How to draw hands: the proportions
So you want to learn how to draw hands. It is tough but, I ensure you, really rewarding when you know how to do it. Well drawn hands can easily express the feeling and emotions of a character and certainly give that special edge toy our drawing.
However drawing hands from imagination and being able to position them correctly and realistically with the body might seem a daunting task if you just started drawing.
Well, The Drawing Factory is here to help you overcome the hurdle! We will dedicate many tutorials to the art of drawing hands and this one will be the first in the series. Why? Mainly because I said is not an easy skill to learn and secondly because there is not a single way to learn how to draw hands but many different techniques and approaches.
This is why we will start today with a very basic lesson that will introduce you to the world of hand drawing by explaining the internal proportions o a human hand. The motto of this lesson is: If you want to draw hands proficiently you need to know them inside-out!
Let's get started!
Let's get to know the skeletal structure of the hand. this is going to be the first step to build and draw proportioned hands. I won't delve into many details but I think you should at least know the basic components of the skeleton of the hand.
The hand is made of three groups of bones called carpus, metacarpus and phalanges. Do you need to know these names? Not really. The most important thing is you learn where they are in the hands and their general shape.
The carpus is a group of small bones tightly bound together and it's just attached to the wrist. It has an elliptical shape and is compressed vertically. In the picture is gray.
The metacarpus is the group of 5 bones (red in the picture) that form the body of the hand. It's formed by 5 elongated bones. The part attached to the carpus have a very low degree of mobility. Almost nothing for our purposes. But their distal parts form joints with the phalanges and these joints are very mobile!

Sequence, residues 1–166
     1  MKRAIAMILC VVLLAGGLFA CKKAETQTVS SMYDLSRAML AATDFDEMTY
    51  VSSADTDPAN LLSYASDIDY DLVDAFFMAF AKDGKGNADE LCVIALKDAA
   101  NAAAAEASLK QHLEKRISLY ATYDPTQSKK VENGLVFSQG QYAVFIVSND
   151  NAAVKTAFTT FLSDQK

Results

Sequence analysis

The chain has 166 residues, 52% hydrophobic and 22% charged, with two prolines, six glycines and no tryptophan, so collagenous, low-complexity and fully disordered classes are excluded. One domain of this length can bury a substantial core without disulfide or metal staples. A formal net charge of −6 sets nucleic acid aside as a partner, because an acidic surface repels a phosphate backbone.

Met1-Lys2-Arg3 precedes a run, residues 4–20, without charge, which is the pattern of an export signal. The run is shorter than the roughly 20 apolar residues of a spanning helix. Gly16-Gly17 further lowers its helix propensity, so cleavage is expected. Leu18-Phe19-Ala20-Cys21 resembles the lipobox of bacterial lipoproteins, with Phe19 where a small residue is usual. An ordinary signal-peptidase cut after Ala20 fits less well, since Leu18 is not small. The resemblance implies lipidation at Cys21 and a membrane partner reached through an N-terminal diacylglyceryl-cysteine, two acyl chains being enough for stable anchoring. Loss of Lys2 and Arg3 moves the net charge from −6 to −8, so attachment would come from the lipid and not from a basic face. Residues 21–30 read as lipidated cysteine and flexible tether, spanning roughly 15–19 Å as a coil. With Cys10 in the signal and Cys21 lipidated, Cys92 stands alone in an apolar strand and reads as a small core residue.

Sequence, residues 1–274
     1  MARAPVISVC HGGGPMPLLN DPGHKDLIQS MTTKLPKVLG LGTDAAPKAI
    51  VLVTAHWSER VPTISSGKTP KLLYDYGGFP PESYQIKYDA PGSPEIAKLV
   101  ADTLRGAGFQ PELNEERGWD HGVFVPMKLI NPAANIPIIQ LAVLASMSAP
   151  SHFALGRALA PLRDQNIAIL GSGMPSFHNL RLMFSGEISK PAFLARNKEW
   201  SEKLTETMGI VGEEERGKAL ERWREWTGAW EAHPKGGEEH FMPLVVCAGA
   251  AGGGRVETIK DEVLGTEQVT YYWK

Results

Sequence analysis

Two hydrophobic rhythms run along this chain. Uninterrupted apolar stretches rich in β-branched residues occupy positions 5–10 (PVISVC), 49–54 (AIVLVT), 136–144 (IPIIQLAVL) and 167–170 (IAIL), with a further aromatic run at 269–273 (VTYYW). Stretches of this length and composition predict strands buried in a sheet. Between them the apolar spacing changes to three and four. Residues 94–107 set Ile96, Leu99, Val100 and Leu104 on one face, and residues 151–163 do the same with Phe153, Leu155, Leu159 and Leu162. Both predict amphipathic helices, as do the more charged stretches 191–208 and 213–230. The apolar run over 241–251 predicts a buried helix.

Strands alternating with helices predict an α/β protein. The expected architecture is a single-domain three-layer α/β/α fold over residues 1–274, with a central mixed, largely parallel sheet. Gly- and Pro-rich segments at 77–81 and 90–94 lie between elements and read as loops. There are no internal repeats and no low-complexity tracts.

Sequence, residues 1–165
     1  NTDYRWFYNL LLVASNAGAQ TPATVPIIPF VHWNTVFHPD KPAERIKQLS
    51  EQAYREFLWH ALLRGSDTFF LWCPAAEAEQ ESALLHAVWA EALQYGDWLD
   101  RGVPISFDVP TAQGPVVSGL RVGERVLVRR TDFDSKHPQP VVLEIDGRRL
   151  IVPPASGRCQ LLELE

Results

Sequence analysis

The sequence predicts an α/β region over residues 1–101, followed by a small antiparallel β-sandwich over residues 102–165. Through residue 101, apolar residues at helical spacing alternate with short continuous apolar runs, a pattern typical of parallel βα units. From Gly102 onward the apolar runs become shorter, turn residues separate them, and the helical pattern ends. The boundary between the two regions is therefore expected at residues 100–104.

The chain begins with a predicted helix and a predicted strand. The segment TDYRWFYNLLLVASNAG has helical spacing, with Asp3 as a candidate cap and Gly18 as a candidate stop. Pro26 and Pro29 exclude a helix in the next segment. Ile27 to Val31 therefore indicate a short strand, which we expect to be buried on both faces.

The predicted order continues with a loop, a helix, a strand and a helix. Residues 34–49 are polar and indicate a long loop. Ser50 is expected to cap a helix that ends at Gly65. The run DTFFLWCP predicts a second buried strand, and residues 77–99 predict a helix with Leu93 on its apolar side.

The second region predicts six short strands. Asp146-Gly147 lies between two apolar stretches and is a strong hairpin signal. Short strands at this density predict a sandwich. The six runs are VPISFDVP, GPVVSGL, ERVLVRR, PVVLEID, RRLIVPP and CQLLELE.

Finally we have the phalanges, long bones jointed to the metacarpus. For every metacarpal bone there are three phalanges, with the exception of the thumb that has just two, namely the firs, second and third phalange. In the drawing they are purple, cyan and green respectively.
Now that you know what the skeletal structure of the hand is, it is time to simplify it to a more convenient structure and to look at the proportions of hands and fingers.
In the drawing above I have redrawn the skeleton of the hand simplifying the bones into lines and circles. The circles represent the joints.
As you can see accurate proportions for the hand can be deduced just by looking at the length of the bones. By drawing this skeletal structure I started from the carpus which has an elliptical shape and added the 4 metacarpal bones (that form the palm or body of the hand) first and the single metacarpal bone that form the root of the thumb (red bones).
The thumb bone is shorter than the finger metacarpal bones but if you position it correctly its tip will be at half the length of the first metacarpal bone. Then adding the first thumb phalange (purple it will be at the same length as the tip of the finger metacarpal bones.
It is really more difficult to describe than understand it. For your convenience I have added at the end of the page a video of me drawing this very skeleton structure and it will be probably easier to understand these rules just by looking at the video.
The next step will be adding the first two phalanges for each finger. Now this is really easy because the overall length of the first two phalanges is exactly the same length as the corresponding metacarpal bone (as shown in the drawing above).
the final step will be the third and smallest of the phalanges. Add it to each finger paying attention to draw them shorter than the second phalanges for each fingers. In other words the third phalange for the middle finger is going to be slightly shorter than the second phalange but longer than the third phalange of the first finger.
Again, it sounds more complicated than it in fact is. After you have gone through this description just take a look at the video and everything will be much clearer. You'll' be a step further in your understanding of how to draw hands.
Now if you have gotten this far (and I am sure you did) I have to congratulate with you, you have done a great job so far and you have immensely progressed in your understanding of how to draw hands.
Using this method of building the hand starting from its inner structure you should be able, with practice and patience, to draw hands correctly from many different positions and angles.
Obviously it does not finish here. but this tutorial certainly is a great starting point to get to know how to draw hands. I'll see you in the next lessons.
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